Workers sort metals, glass, and different plastics from a conveyor belt at the county's recycling facility downtown
In a giant warehouse facility on Romney Street, eight men and women stand along a conveyor belt and sort out the used receptacles that pass in front of them. One woman's job is to pull out plastics; the next removes glass. A giant magnet over the belt plucks away the cans. The walls are lined with cubes of smashed aluminum, milk jugs, and paperboard 20 feet high, ready to be sold and turned back into new products.
In 2007, Charleston County disposed of 79,000 tons of garbage and 47,000 tons of incinerator ash at the Bees Ferry Landfill. (Until this year, much of our trash was burned: 188,000 tons equals 47,000 tons of ash.) Twenty-one thousand tons of recyclables were processed at the Romney Street sorting facility — just over seven percent of the non-construction material/yard scraps waste stream.
That disparity is due partially to the county's lack of a pickup recycling program for businesses. Restaurants and bars wishing to have their bottles and cans recycled have to contract with a private pickup company like Fisher Recycling or Fennel Container Co.
For some businesses, paying a private firm to pick up their recyclables is cheaper than paying the county to take it to the landfill. "We've decreased our waste by 70 percent and found that it's actually more cost effective to recycle than it is to pay the current landfill rates," says Karalee Nielson, a co-owner of Revolutionary Eating Ventures, whose holdings include Taco Boy, Poe's, Monza, and Raval.
According to owner Chris Fisher, his firm charges about $75 to $80 to pick up four 96-gallon containers six days a week. He also takes cardboard and grease, and says that next year he plans to begin a composting program.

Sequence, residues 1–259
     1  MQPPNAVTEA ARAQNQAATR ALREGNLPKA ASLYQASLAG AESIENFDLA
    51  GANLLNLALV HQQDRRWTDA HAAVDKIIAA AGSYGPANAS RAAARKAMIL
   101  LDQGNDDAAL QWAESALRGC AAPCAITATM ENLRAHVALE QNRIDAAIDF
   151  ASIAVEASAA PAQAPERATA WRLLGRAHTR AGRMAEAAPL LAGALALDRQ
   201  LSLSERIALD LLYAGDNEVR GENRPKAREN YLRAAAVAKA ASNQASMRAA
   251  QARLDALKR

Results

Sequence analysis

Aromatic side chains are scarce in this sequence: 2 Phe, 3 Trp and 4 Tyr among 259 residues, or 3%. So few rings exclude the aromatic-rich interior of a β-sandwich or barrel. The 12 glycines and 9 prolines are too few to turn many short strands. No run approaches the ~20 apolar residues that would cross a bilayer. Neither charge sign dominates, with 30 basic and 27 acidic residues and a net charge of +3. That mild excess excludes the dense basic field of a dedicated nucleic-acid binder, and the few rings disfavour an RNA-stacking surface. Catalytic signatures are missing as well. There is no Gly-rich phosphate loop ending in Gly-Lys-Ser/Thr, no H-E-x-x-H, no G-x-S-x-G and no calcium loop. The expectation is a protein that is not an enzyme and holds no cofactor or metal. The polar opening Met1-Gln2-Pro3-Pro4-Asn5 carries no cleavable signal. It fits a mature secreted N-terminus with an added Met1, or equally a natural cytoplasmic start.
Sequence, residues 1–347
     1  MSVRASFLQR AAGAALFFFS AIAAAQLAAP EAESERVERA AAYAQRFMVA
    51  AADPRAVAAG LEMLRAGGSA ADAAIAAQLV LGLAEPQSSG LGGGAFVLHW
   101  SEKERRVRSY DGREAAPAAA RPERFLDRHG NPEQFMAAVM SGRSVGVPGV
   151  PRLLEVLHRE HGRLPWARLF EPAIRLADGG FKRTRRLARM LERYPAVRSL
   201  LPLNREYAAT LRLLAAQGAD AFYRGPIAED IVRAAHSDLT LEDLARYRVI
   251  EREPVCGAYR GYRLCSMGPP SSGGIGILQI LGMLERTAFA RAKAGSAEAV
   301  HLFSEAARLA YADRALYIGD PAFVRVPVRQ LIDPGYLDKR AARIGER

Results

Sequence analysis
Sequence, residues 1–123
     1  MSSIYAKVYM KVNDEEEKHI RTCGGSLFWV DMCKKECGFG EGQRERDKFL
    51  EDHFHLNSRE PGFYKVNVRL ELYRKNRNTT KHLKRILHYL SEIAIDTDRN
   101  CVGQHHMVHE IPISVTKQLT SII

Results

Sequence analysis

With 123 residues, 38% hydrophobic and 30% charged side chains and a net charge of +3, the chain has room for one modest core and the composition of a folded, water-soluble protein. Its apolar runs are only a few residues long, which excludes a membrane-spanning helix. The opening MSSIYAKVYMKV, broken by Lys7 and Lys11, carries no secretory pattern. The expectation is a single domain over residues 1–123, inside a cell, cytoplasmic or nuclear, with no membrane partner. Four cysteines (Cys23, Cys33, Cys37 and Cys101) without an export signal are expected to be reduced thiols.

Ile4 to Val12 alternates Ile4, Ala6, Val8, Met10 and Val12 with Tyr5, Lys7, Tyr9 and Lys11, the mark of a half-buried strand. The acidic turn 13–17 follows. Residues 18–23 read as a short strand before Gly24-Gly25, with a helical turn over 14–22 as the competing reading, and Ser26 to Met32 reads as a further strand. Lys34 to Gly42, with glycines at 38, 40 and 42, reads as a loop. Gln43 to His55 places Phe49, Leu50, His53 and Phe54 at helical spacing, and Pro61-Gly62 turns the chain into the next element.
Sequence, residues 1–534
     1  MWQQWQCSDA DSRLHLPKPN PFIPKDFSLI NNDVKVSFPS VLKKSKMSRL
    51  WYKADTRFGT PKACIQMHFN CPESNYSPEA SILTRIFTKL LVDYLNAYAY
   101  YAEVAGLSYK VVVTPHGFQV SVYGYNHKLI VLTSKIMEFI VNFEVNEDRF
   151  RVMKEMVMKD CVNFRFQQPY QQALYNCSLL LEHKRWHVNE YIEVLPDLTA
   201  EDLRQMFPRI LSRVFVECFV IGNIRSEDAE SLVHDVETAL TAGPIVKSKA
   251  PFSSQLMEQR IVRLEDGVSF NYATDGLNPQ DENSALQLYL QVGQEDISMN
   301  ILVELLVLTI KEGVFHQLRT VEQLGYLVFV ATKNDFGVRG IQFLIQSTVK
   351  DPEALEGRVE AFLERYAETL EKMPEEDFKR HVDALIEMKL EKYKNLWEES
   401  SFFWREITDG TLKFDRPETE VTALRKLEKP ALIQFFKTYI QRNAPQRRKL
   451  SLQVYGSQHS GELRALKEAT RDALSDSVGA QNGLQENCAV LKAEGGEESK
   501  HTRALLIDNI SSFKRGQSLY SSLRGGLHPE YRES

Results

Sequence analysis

A City Paper survey of 40 Meeting and King Street restaurants and bars found that 21 say they recycle, although some only did so for cardboard or glass. Twenty-eight of those establishments use Styrofoam for their to-go containers, a material infamous for its millennia-long lifespan. Many of the businesses use No. 5 or No. 6 plastics in their drink cups (they're cheaper), neither of which are recyclable by the county or private companies in Charleston.
Jason Cronen, the owner of local company Ad-Naps, hopes to eliminate some of Charleston's disposable waste through the introduction of corn and sugar cane-based cups and to-go containers.
"A 10-cent to-go fee would more than offset the added cost of a compostable container," says Cronen, who is also quick to point out that his products are hardly a panacea for the county's recycling woes. "Without a municipal compost program, these cups and containers still go to the landfill."
Of course, a biodegradable cup will disappear in a landfill much quicker than a plastic one, but the real magic of the products is their ability to "complete the loop." In the right conditions, a corn-based cup can decompose into soil and be used to grow more corn. Cities like Baltimore and Minneapolis have built giant composters called "anaerobic digesters" that use heat, pressure, and humidity to break down food waste and products like corn cups into compost in under a month's time.